By Lisa Potter, science writer, University of Utah Communications
Worldwide, light pollution is growing twice as fast as Earth’s human population. In many places, artificial light at night has obliterated our view of the stars and impacted wildlife, public health, and air quality. This fall, members of two international organizations dealing with the issue of light pollution will convene in Snowbird, Utah.
The International Dark-Sky Association (IDA) 30th Annual General Meeting will be held Nov. 9-10, immediately followed by the University of Utah-based Consortium for Dark Sky Studies (CDSS) bringing global scientists and researchers of Artificial Light at Night (ALAN) together for the ALAN 2018 International conference Nov. 12-14. On Friday, Nov. 9 at 12:15 p.m., CDSS and IDA will live stream a press conference with subject matter experts and event organizers.
The state of Utah is at the forefront of a global movement to protect the disappearing dark. Utah has more recognized International Dark Sky Places than any other state; in fact, it has more than any country besides the United States. The state’s success in stewarding the natural nighttime environment compelled the two leading organizations dedicated to studying and advocating for dark skies to convene in Utah for their annual gatherings
“The location of ALAN 2018 and the IDA Annual General Meeting is highly strategic. The Wasatch Mountains form the dividing line between the Wasatch Front, as light polluted as the Los Angeles Basin, and the Wasatch Back, which boasts multiple parks in the process of becoming accredited International Dark Sky Parks,” said Dave Kieda, dean of the U’s Graduate School and co-director of CDSS. “We believe this geographical juxtaposition gives us one of the best natural labs for dark sky studies possible in the world. Our new academic center at the University of Utah—the Consortium for Dark Sky Studies—is able to leverage that location for research purposes.”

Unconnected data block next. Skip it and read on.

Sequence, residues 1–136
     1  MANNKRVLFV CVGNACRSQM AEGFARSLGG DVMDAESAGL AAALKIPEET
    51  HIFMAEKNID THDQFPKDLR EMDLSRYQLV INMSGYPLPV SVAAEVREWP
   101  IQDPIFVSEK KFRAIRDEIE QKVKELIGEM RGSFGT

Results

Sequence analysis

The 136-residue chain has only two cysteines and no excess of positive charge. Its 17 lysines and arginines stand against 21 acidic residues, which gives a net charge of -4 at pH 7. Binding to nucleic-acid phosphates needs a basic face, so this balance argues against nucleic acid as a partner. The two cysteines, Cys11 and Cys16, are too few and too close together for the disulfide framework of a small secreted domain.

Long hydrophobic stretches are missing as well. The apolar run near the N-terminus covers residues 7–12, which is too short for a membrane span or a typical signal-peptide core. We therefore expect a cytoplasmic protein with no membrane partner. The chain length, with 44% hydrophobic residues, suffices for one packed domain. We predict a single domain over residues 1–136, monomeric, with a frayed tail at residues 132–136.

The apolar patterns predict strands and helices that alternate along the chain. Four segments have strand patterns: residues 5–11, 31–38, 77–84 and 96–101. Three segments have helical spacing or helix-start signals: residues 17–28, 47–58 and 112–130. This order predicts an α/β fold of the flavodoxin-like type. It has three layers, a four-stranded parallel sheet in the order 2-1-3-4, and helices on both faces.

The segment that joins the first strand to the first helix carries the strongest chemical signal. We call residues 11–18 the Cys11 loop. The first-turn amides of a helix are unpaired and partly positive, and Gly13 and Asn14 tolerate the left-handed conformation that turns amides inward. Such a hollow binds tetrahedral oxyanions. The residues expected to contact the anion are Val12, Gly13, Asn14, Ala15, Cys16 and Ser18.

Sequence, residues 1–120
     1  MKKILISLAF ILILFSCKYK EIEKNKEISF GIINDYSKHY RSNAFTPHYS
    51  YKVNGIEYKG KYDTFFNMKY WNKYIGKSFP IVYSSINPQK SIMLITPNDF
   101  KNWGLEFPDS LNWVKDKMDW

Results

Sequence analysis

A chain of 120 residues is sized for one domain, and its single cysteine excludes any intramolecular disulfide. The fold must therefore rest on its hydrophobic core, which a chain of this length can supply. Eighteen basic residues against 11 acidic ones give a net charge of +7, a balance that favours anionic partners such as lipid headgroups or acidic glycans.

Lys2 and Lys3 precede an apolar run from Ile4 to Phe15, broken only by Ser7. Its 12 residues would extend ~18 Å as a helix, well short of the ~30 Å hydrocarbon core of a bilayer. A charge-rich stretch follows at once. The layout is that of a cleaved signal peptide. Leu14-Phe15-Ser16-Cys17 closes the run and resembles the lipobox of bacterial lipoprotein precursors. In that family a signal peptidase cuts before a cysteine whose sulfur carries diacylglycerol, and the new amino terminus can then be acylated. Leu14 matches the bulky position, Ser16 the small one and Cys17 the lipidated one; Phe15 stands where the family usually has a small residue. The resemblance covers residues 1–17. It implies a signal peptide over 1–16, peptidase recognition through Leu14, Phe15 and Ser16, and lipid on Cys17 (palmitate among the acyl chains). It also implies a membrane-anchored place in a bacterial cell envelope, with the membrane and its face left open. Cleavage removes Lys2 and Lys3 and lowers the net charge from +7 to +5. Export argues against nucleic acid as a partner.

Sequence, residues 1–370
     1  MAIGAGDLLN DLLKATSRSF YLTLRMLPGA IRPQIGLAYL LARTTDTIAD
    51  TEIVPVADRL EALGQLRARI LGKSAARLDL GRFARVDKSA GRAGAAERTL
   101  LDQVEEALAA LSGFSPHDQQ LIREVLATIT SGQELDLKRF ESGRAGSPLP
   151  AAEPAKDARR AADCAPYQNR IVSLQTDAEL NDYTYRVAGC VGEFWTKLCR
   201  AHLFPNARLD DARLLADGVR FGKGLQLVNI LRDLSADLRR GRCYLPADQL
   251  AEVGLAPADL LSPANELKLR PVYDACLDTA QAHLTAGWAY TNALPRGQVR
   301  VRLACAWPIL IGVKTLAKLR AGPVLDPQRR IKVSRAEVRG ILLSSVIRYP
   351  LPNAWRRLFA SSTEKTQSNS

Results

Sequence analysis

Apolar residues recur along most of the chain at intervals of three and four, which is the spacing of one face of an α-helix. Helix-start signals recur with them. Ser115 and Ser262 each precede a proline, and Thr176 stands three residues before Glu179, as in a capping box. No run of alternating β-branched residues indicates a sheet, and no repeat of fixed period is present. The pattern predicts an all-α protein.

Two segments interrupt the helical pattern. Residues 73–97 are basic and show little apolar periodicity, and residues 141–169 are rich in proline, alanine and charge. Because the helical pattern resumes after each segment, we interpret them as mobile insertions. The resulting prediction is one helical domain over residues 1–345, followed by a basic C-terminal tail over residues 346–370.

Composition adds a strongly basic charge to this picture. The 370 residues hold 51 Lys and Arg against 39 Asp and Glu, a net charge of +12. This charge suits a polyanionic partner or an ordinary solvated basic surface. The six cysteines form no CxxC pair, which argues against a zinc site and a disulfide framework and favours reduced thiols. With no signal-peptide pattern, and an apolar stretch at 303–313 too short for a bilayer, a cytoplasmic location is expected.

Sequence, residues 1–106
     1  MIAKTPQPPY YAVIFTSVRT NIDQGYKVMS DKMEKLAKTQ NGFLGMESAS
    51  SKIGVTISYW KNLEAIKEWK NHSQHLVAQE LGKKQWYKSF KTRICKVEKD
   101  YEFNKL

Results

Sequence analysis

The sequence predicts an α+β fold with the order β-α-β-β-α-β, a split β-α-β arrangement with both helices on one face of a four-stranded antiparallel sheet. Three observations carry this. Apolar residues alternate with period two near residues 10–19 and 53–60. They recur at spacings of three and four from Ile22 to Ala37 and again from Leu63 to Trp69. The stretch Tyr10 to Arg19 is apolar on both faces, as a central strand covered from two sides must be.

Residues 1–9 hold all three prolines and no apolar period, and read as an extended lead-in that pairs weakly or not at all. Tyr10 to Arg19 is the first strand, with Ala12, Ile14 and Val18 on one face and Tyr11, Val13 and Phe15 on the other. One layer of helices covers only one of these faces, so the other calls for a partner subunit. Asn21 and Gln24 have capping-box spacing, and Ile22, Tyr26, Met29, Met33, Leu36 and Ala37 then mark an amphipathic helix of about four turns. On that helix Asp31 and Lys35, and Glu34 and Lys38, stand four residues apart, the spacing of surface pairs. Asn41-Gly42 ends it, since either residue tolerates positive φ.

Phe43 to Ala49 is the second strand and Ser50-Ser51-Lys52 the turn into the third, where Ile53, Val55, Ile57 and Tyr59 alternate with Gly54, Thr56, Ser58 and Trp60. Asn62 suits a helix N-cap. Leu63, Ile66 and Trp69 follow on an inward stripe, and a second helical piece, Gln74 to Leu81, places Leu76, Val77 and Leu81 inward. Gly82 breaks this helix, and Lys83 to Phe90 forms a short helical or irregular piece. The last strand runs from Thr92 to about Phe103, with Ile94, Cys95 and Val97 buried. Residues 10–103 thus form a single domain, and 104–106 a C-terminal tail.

The CDSS is a formal academic center based at the U. Its primary objective is to explore the interconnectedness of life in one of the last great reservoirs of dark sky in the developed world. CDSS is the local partner for the ALAN 2018, which brings together researchers and scientists from around the world to discuss the broad impacts of artificial light at night.
“Dark skies are an entry point to questions of public health and social equity. Intriguing initial research from NOAA has been conducted that bears follow-up; there is a chemical reaction in dark skies that may ‘scrub’ a bit of air pollution at night without cost of even possibly while saving money,” said Daniel Mendoza, research assistant professor of atmospheric sciences and pulmonary fellow in the School of Medicine at the U. “Also, we must consider the health impact of over-lighting. Economically challenged areas are generally where air and light pollution are at their highest residential levels.”
The IDA has worked to fight light pollution since 1988. Protecting the night sky from light pollution is a critical mission that supports human health, preserves wildlife habitat and provides visual access to celestial objects for professional and amateur astronomers alike. Every year, experts, advocates, artists and night sky enthusiasts from around the globe gather to share their success stories, case studies and passions for protecting the night. The IDA has worked extensively with Utah’s parks, monuments and neighborhoods to improve their night skies. The work not only benefits star-gazing—dark skies over the Colorado Plateau will have generated nearly $2.5 billion and 50,000-plus jobs between 2013-2023, according to a report. Considerable impact, said Kelly Bricker, director of parks, recreation and tourism at the U.
“You can’t ‘drive through’ dark skies; it requires an overnight stay plus two meals. That is why astro-tourism is considered the most lucrative segment of the eco-tourism market,” Bricker continued.
“A number of communities in Southern and Central Utah are seeking to transition from traditional industries to the clean economic growth afforded by dark skies. Eighty percent of the developed world can no longer view the Milky Way and needs to travel to do so. The dry air of Utah and the superb public lands offer that opportunity,” added Stephen Goldsmith, associate professor, city and metropolitan planning and co-director of CDSS.
In an open-to-the-public event, Harun Mehmedinović and Gavin Heffernan will present SKYGLOW, a three-year astrophotography project culminating in more than 3,000,000 images (Sunday Nov. 11 from 4-6 p.m.) The SKYGLOW book and presentation explores the history and mythology of celestial observation, the proliferation of electrical outdoor lighting that spurred the rise of the phenomena known as “skyglow,” and the dark sky movement that’s fighting to reclaim the night skies.
Banner image credit: Bettymaya Foott